I had a similar feeling watching them at Cardiff Uni's Great Hall last Thursday.
Fellow Irish band 'The Altered Hours' played a great opening set that combined a garagey Brian Jonestown Massacre backseat with some great pop hooks, psychedelic overtones and beer bottle slide guitar. Great stage presence as well - swaggering bassist, shoulder pads, girl drummer, tall scarecrow-thin guitarist with a mop of hair.
Pic - Facebook
Just like when I saw them at Green Man, Fontaines D.C. chose, unusually, Tom Waits' beautiful, devastatingly elegiac song 'Dirt in the Ground' for their walk-on music. It's basically a song about how we're all destined to die and rot in the ground, so I thought it was a surprising choice to get the crowd going before an energetic post-punk show. It's a contrast that works well, though, in an anti-climactic way, setting up a melancholic mood and proving the band's poetic credentials.
Fontaines really hit the spot - the audience is up for it, jumping around and bellowing out the anthemic, repetitive choruses. They have an unusual yet simple songwriting style, often repeating the same phrase over and over, but lead vocalist Grian manages to imbue each repetition with a new meaning, to my ears at least.
Pic - Tom
The lyrics are full of condensed, sparse imagery that walks a line between a poetic, literary register and a more colloquial one, often taking advantage with the band's thick Irish accents, for instance the lyric 'two men on a rickshaw pumping up a tire, and it's higher and it's higher and it's higher and it's higher'. The repetition ends up sounding like 'and a tyre and a tyre and a tyre', a playful little lyrical joke.
There's also a lot of sincere statements that seem to deal with self-belief, authenticity and the struggle of the individual in the system; 'is it too real for ya?' 'I like the way they treat me but I hate the way they use her' 'if you find yourself in the family way, give the kid more than what you got in your day: life ain't always empty' 'my childhood was small, but I'm gonna be big'. These are similar lyrical themes to other recent post-punk revival bands like Idles, for instance, but for me Fontaines feel more powerful and insightful, contemporary Irish rebel songs with a similar anarchic spirit to the Pogues; 'I don't belong to anyone, I don't wanna belong to anyone', 'I was not born into this world to do another man's bidding'. Condensed, defiant, powerful statements of intent.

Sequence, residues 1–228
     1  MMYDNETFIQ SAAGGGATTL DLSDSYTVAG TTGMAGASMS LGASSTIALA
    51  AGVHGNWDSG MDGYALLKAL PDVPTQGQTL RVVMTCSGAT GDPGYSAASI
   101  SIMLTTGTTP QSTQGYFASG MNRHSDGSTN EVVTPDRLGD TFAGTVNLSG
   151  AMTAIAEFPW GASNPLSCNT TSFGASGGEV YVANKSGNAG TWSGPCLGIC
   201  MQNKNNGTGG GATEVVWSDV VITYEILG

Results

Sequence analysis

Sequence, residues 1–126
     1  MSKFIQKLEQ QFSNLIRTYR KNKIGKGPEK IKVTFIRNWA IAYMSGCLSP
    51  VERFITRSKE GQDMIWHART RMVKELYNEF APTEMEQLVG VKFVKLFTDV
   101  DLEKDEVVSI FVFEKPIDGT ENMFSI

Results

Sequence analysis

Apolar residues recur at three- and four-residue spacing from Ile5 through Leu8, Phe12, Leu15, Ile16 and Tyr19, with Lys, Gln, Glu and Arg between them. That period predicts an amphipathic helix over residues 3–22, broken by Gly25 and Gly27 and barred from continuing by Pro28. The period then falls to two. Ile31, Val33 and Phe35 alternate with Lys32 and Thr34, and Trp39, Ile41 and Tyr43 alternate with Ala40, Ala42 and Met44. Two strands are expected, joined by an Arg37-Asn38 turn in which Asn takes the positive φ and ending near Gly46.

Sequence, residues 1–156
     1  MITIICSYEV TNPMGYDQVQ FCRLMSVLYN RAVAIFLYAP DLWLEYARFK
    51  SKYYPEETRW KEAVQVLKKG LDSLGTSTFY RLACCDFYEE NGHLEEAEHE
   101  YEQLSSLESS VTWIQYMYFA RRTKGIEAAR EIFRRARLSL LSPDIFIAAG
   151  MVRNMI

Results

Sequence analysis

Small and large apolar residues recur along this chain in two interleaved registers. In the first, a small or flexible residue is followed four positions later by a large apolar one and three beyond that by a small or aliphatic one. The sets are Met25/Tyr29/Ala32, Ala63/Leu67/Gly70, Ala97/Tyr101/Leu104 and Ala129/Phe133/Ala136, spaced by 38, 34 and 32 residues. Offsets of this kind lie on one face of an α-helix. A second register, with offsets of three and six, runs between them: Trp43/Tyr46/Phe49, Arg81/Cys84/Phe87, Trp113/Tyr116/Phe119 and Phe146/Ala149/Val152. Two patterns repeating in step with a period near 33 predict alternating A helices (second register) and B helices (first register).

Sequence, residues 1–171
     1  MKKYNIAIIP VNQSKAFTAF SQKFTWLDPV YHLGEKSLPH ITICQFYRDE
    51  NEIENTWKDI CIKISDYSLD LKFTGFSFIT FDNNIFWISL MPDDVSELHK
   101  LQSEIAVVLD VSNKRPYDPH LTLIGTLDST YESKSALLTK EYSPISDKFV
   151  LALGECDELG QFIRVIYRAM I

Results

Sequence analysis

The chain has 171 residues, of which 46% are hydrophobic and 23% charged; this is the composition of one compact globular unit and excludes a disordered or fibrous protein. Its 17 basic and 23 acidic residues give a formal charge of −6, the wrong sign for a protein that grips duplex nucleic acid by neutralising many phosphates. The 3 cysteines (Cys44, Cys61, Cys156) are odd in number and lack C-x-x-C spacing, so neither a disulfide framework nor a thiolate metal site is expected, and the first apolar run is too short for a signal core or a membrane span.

Their setlist is drawn from both their released albums, the bright, hooky 'Dogrel' and the moodily atmospheric 'A Hero's Death', with its cover photo of a statue depicting the death of mythical Irish demigod Cu Chulainn. The band back up Grian with a muscular intensity - melodic guitars, jagged bass and rumbling drums, not a guitar solo in sight, everything perfectly suited to the song and filling the space in a satisfying and tasteful way. No stage banter, getting straight to the point. Their music feels uniquely Irish, and I don't think they could have sprouted from a place other than Dublin - the city's rainy cobblestones and gift of the gab imbues their songwriting with its references to James Joyce novels and shades of Yeats.
It's an ecstatic show, pure rock n'roll brilliance.
Towards the end, they release a small army of giant balloons that look like eyeballs and receive an enthusiastic pummeling from the crowd, who seem full of joy. One eyeball explodes, and one gets stuck in a corner of the ceiling, gaze turned unseeingly away. Don't be like that eyeball - don't miss out on Fontaines D.C. and their explosive post-punk poetry; if you have the chance to meet their gaze, make the most of it.